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Hoffmann, R. A wiki for the life sciences where authorship matters. Nature Genetics (2008)

Myristic acid stimulation of bacterial bioluminescence in "aldehyde" mutants.

The involvement of long chain aldehyde in bacterial luminescence was known both from its being required for light emission in the in vitro reaction with pure luciferase and from its ability to stimulate luminescence in vivo in a certain class of dark "aldehyde" mutants. We have found that the luminescence of some (but not all) of such aldehyde mutants is also stimulated by long chain aliphatic fatty acids, with a marked specificity for myristic (tetradecanoic) acid. This stimulation has been demonstrated in aldehyde mutants of two species of luminous bacteria, Beneckea harveyi and Photobacterium fischeri. The responses, both in intensity and yield, are proportional to the amount of added tetradecanoic acid over a 1000-fold range, down to 10 pmol ml-1. Unsaturated long chain fatty acids are potent inhibitors of the tetradecanoic acid stimulation, but they do not effect the in vivo luminescence of wild-type bacteria.[1]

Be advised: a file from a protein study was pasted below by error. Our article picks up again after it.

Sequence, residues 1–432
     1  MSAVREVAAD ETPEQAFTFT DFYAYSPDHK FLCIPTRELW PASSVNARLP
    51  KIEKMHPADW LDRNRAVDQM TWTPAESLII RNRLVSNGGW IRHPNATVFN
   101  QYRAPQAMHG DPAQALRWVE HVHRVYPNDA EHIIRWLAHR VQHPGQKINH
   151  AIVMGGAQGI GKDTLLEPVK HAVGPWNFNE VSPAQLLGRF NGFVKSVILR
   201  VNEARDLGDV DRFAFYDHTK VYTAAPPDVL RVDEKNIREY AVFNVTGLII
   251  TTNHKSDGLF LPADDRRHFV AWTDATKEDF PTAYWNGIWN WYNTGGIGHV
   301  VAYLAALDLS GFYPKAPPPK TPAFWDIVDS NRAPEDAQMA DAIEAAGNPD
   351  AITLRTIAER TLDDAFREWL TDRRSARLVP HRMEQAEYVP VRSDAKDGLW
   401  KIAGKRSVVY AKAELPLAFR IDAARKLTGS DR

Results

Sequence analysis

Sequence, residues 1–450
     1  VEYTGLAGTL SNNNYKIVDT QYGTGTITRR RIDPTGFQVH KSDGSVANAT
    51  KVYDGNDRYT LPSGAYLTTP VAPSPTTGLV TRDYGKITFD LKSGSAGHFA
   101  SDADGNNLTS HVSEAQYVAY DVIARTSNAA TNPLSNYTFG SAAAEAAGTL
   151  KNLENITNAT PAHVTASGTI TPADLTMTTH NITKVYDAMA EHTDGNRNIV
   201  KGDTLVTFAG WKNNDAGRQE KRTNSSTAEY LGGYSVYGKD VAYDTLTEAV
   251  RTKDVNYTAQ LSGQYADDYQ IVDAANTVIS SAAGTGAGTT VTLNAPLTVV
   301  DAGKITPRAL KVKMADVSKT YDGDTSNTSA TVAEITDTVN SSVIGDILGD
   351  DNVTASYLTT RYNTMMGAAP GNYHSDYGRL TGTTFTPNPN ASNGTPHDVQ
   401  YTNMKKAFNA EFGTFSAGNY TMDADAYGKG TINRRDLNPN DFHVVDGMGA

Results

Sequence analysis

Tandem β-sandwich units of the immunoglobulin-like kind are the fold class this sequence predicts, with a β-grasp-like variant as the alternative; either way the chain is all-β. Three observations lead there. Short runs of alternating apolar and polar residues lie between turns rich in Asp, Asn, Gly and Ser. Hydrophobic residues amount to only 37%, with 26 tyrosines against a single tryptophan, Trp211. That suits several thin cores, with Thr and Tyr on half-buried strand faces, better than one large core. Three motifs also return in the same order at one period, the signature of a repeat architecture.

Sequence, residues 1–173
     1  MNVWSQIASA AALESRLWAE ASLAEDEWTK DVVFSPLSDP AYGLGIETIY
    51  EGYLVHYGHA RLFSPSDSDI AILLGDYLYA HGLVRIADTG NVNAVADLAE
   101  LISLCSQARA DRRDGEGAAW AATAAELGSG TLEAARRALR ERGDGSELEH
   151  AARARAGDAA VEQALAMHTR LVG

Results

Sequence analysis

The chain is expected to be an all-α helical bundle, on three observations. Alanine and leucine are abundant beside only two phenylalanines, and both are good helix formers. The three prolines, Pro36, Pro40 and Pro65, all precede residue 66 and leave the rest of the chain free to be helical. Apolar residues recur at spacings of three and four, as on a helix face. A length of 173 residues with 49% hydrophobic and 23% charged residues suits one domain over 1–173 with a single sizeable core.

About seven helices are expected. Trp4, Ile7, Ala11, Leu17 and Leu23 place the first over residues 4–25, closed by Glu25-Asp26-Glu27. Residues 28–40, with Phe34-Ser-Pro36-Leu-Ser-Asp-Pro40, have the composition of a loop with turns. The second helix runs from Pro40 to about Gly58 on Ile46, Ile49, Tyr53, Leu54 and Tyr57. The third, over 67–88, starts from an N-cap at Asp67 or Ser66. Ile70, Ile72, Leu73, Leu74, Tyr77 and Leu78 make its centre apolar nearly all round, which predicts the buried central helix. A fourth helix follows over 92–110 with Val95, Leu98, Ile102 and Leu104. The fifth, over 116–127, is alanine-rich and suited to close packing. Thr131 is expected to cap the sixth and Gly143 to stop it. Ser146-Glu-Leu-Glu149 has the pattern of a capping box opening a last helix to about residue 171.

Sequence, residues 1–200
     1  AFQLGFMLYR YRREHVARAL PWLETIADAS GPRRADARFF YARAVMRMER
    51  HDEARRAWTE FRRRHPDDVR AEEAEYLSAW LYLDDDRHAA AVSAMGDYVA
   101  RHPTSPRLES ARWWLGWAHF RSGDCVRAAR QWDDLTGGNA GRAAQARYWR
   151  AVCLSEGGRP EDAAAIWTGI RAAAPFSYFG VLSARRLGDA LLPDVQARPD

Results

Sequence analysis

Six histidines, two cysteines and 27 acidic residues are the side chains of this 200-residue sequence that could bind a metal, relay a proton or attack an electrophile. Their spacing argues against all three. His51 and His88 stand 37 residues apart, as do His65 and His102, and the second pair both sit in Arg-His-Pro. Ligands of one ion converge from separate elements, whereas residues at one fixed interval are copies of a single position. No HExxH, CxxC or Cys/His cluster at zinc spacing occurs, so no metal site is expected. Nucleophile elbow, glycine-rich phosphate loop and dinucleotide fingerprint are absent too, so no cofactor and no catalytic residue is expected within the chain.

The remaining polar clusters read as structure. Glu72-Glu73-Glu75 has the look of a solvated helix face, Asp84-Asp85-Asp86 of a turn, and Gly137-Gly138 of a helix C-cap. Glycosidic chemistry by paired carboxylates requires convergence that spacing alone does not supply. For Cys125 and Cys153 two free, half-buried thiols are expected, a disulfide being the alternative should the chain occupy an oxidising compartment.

1. Myristic acid stimulation of bacterial bioluminescence in "aldehyde" mutants. Ulitzur, S., Hastings, J.W. Proc. Natl. Acad. Sci. U.S.A. (1978) [Pubmed]
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